For “Never Back Losers” the series attempts something of a ‘hard-boiled’ gangster piece about bent turf accountants and small-time hoods, which spends most of its time in decidedly quaint suburban North London surroundings; but it does at least give us Patrick Magee exuding menace as a gang lord-cum-fruit machine magnate (apparently a lucrative market in 1961!) who enjoys playing poker in a smoky, dimly lit den, surrounded by sharp-suited henchmen. Although released near the end of 1961, this, like many films in the first part of the series, is distinctly 1950s in feel and appearance: Jack Hedley would grow up to be the dissolute frequenter of prostitutes Ltd Fred Williams, in Lucio Fulci’s  notorious “New York Ripper”, but here we catch him in more innocent days as an ambitious young insurance claims investigator, Jim Matthews, who’s just been promoted from the floor of his firm’s accountancy office and finds himself immediately plunged into the seedy world of race fixing; except that the seediness in this genteel crime drama has a hard time asserting itself in the rather bland location surroundings used as the backdrops for this pleasant tale of intrigue. Matthews is given the job of investigating an accident claim after an experienced jockey, Wally Sanders (George Tovey), who was recently involved in suspected race fixing after coming last in a race he should have won easily, winds up in hospital with a broken neck, having been in a car crash which occurred in suspicious circumstances just days after the £2,000 pound policy was taken out. An array of sweaty backstreet bookmakers and a crook called ‘Lucky’ Ben Black (Magee) all seem to be at odds with each other over the matter, which makes it hard for Matthews to figure out who might be responsible for giving him a beating outside the Silver Moon members club. But it does bring him into contact with lovely club hostess Marion Palmer (Jacqueline Ellis), sister to Sanders’ replacement, Clive (Larry Martyn), who might himself be about to meet the same fate as the luckless Sanders. This rather mediocre entry is kept busy thanks to Magee’s enjoyable performance, but the script doesn’t make as much as it could out of its rival-race-fixing-gangs-and-rackets plotline, and the whole thing ends with the villain’s heavies being easily rounded up in the final seconds by whistle tooting bobbies, as though they were a crowd of errant schoolboys.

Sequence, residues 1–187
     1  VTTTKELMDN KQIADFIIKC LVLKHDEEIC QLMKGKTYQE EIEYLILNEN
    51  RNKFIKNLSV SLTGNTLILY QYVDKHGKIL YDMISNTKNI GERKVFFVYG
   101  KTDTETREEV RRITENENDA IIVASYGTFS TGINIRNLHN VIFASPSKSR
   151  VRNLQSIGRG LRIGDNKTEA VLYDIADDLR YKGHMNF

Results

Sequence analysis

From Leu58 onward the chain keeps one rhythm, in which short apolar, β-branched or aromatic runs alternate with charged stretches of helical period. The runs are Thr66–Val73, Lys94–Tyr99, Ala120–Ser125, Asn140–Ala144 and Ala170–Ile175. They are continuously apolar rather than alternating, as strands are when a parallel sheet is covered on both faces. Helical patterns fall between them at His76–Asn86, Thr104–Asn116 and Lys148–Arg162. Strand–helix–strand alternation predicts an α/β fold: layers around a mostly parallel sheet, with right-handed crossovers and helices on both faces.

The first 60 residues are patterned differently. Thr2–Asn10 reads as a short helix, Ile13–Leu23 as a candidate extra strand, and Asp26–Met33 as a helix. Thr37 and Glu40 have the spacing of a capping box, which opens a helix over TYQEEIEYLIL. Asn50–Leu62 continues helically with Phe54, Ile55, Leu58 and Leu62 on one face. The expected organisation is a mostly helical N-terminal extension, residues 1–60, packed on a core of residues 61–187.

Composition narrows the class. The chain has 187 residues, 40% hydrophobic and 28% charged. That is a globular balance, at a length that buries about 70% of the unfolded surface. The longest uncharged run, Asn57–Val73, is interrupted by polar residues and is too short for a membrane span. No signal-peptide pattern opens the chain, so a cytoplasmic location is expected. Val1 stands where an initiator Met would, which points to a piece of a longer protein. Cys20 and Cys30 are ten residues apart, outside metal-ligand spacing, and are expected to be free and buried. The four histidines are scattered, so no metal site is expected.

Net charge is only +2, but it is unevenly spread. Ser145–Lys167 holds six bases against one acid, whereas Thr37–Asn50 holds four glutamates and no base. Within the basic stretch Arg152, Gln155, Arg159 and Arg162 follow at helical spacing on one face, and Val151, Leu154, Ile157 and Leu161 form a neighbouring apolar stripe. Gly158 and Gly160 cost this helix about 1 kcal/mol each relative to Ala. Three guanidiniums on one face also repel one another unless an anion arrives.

A quality director (Clive Donner) and a top-notch cast make “The Sinister Man” one of the better entries in this collection. Even the discovery of the body of dead Oxford scholar Professor Neil Rayburn, found floating down the Thames at the top of the film, is given extra weight simply by virtue of having the body dragged out of the weir by Wilfred Brambell, in what is effectively nothing but a cameo for the distinguished actor. Touches such as these throughout give the whole thing an extra bit of class which elevates it above many of its companions. Superintendent Wills (John Bentley) is the latest incorruptible Scotland Yard detective on the case, who finds himself drawn into the world of Oxford academia and international politics after it emerges that the murdered man was a scholar in Oriental studies and was secretly working on some pieces of recently discovered tablet that might help the independent state of Kytan counter the territorial claims of its unnamed neighbour (clearly we can exchange ‘Kytan’ for Tibet and the neighbour is meant to be China) by proving that the country has always historically been an independent territory and not part of its neighbour’s empire as claimed. These pieces of stone have gone missing at the same time as Rayburn though. Wills and his team end up in Oxford where Rayburn’s colleagues predictably have a variety of possible motives for being involved in offing him. Jacqueline Ellis stars again (this time a blonde instead of a brunette) as Elsa Marlowe, and Patrick Allen appears as a smarmy visiting American academic who’s got his eye on Elsa, as has Mitch Hallam (William Gaunt, “The Champions”). When the tarpaulin that the body was wrapped in is traced to a certain boat hire firm, the owner also winds up dead and showing signs of having been delivered “a death blow”: ‘I believe both this man and the Professor were victims of karate – the killer blow of Kento!’ opines the police pathologist, solemnly. This, of course, makes bowtie-wearing Japanese graduate student John Choto (Ric Young, “Alias”, “Indiana Jones and the Temple of Doom”) number one suspect on the police list when it is proved that he knows judo and one of Rayburn’s clay pipes is discovered in his rooms. The real villain is easy enough to work out, but this otherwise routine whodunit is enlivened with unusual amounts of location shooting on London streets and in Oxford itself. The authentic street life makes it fascinating enough in of itself as an historical piece, and Donner even drafts in a few passers-by for some crowd scenes. Naturally, the usual clichés about the inscrutability of the Orientals are given another workout, and just when you think you’ve gone a whole hour in a 1960s film which involved a largely Asian guest cast without Burt Kwouk making an appearance, he does actually turn up in the final scenes in a cameo as a guard. It was probably against the law for him not to back in those days!